Eavers and his wife, Kaye, own and operate Morningside Farm, a 120-acre beef cattle farm in the heart of the Shenandoah Valley in Augusta County. They run a cow-calf business and a grass-finished beef operation on land in the Middle River watershed, a tributary of the South Fork of the Shenandoah River.

To get the watering projects done, they utilized the expertise of the Natural Resource Conservation Service (NRCS) and funding from the Conservation Reserve Enhancement Program (CREP) and the Chesapeake Bay Watershed Improvement (CBWI) programs.

“We did it for the health of the cows and for our customers,” Eavers said. “It’s not good for business to see a bunch of cows up to their bellies in muck and mud, and it’s not good for the cows either. We no longer have pinkeye or foot problems since we fenced the cows out of the wet."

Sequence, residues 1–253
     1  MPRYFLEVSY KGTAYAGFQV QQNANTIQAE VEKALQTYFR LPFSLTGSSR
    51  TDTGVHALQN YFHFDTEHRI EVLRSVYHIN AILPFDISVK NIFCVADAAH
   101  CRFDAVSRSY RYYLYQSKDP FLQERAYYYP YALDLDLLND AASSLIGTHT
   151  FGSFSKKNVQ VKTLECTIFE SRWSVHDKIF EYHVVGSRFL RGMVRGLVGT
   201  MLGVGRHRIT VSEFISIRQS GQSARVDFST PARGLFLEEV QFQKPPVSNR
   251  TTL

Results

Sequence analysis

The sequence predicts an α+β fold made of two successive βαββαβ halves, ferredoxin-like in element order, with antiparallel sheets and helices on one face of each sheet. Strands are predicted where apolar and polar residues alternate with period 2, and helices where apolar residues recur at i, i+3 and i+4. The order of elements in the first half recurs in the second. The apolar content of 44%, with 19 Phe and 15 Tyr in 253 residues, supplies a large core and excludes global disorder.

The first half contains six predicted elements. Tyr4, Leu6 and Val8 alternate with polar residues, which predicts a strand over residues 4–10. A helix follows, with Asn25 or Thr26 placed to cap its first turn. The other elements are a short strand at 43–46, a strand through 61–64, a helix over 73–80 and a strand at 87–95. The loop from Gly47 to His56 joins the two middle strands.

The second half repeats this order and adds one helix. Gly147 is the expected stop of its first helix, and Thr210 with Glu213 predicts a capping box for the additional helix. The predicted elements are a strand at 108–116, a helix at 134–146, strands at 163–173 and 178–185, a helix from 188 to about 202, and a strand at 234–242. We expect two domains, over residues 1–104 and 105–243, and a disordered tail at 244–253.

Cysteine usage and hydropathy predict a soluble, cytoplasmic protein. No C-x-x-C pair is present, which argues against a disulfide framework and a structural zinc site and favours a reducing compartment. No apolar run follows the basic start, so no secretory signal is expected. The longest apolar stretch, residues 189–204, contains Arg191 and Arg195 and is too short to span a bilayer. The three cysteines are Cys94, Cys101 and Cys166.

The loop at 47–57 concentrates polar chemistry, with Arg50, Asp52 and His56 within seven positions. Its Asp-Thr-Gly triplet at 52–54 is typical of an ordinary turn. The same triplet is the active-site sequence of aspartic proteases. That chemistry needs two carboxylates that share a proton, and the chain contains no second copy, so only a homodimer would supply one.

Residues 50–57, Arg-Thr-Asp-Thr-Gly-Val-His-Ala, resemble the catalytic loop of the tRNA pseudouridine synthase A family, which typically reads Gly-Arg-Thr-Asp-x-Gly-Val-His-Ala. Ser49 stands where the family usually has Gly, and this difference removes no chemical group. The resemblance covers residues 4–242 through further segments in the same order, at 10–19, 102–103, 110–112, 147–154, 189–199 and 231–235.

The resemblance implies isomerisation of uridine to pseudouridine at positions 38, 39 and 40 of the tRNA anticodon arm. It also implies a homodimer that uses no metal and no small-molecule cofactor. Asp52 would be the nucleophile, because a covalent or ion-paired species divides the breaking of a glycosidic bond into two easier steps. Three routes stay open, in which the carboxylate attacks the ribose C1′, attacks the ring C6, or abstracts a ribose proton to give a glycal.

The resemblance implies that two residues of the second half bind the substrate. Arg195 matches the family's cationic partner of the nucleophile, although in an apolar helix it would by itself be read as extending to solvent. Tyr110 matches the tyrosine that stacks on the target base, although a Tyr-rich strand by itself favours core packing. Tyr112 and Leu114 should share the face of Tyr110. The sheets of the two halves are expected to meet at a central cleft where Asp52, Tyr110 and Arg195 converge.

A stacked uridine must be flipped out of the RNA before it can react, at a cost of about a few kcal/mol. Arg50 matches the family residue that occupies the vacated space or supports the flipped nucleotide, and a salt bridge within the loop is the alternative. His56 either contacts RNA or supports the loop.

He continued, “People today are more health conscious and care about the environment. I guarantee, when people see my cows and clean water and the farmer next door has cows knee deep in muck and water, they are going to buy their beef from me."

Charlie Ivins, District Conservationist for the NRCS, worked with Mr. Eavers and called the projects "the perfect candidate for the CBWI program. These programs continue to become more flexible as we learn more about customer needs."

The CBWI program also had funds to reseed the Eavers’ pastures with clover and add some cross fencing and an additional watering trough to enhance the existing rotational grazing system. He’s happy with the projects and everyone who helped get them installed.

—Bobby Whitescarver  

 Whitescarver lives in Swoope, Va. For more information, visit his website.